Vinicius Cantuária

Live: Skirball Cultural Center 8/7/03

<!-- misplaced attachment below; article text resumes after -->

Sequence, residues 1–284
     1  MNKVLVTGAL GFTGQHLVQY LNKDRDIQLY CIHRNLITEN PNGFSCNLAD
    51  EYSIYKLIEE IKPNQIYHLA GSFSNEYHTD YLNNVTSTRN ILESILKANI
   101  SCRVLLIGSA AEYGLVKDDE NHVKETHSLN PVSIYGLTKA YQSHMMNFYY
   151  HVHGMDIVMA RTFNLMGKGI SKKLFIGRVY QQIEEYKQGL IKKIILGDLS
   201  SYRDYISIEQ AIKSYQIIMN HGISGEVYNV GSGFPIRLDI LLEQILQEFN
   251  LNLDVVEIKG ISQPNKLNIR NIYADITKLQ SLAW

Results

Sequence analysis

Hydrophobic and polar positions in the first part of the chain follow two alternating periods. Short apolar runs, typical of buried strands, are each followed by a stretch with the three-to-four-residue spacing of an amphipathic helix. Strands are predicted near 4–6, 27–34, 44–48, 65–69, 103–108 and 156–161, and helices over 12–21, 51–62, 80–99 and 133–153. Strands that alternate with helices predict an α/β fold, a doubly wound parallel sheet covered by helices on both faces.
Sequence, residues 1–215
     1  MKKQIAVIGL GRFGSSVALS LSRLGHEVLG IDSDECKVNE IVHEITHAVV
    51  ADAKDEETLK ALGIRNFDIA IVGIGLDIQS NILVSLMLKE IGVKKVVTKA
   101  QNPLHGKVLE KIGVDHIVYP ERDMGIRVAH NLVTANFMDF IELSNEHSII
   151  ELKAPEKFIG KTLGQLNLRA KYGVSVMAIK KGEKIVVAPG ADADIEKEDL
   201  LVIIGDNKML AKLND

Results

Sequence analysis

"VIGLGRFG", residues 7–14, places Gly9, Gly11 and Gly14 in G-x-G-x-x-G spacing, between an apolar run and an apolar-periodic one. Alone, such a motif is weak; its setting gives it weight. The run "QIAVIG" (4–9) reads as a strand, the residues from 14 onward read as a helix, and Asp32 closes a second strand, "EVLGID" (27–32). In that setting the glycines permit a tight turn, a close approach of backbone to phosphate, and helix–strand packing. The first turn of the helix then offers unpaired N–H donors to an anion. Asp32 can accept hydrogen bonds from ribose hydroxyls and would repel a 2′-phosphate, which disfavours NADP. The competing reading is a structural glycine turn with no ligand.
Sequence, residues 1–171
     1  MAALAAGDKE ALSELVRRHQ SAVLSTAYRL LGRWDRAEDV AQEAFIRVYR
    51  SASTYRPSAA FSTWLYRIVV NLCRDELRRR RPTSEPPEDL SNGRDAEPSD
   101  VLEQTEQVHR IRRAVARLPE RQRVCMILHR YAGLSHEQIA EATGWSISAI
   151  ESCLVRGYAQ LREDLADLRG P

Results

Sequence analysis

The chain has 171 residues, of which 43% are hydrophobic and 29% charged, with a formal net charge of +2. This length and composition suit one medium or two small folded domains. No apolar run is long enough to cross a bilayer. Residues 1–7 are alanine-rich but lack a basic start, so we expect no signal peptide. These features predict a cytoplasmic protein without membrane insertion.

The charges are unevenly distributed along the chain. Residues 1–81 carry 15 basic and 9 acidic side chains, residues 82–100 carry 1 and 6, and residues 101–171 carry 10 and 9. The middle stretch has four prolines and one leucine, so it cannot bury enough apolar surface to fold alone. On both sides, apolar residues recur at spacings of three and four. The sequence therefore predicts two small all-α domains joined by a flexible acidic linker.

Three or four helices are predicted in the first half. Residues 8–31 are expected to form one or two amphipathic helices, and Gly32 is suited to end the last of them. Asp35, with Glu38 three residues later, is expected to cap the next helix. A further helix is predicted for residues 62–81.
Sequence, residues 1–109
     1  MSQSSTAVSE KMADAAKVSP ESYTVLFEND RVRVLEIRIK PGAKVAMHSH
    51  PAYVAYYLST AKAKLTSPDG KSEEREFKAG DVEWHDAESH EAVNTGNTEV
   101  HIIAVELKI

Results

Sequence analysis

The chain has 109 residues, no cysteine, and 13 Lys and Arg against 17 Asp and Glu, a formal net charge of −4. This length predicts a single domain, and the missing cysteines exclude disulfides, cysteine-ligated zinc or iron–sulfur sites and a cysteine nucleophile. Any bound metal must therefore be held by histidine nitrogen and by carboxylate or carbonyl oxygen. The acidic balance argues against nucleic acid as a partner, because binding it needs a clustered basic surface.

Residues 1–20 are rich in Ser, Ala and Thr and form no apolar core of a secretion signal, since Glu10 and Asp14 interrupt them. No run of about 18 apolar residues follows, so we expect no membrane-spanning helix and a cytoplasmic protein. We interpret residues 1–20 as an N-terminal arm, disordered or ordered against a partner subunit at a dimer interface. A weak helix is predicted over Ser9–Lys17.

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Recorded live in Los Angeles in August and released in October 2003, the latest album from Brazilian master guitarist Vinicius Cantuaria delivers fully on the promise of his studio outings and provides a snapshot of the artist as firmly in the present as he can be. The 12 tracks cover two CDs, there are only four on Disc One, and they showcase the sound of a band completely under the spell of their leader. Cantuaria handles all the guitar chores himself, and is assisted by his regular touring band with Paulinho Braga, percussionist Nanby Assis, and bassist Sergio Brandao. Downtown New York "scene" stalwart Jenny Scheinman helps on violin, adding depth, dimension, warmth, and the hint of a chaotic edge. Things kick off on a near mystical bent with "Procissao," a 14-minute Tropicalia jam where guitars and violins solo seemingly at will, weaving a dreamy soundscape that flows from and into the ether. Samba makes its rightful entrance -- albeit colored by the blues -- on "Sem Pisar No Chao," co-written with Caetano Veloso. The band floats jazzy, open, and wistful in the skeletal arrangement, as rhythm dictates the subtle harmonic and melodic shifts. "Ligia," is a gorgeous samba in the old style, a blues bossa, actually, that lilts and twirls on a three-note figure as its axis. "O Nome Dela" is the most angular piece on the entire set. Written with Arto Lindsay, it is a showcase for Jenny Scheinman's Eastern-tinged violin as she creates minor architectures from Hebrew and Egyptian folk melodies on top of the bossa rhythms. Cantuaria lays open a couple of power chords trying to rein it in, but by then the band is off spinning into other terrains. Disc Two is more song-oriented, and plays with pop music forms. While "Cubanos Postizos," is a traditional acoustic folk song, "Rio," co-authored with David Byrne, is an elegant and exotic funk tune done in samba style. The set ends with "Vivo Isolado do Mundo," a lithe, languid ballad, that opens up into a full-on deep samba jam. It's an astonishing set, really, full of ebb and flow, and aural seduction. It deepens and widens the considerable reputation Mr. Cantuaria already enjoys.

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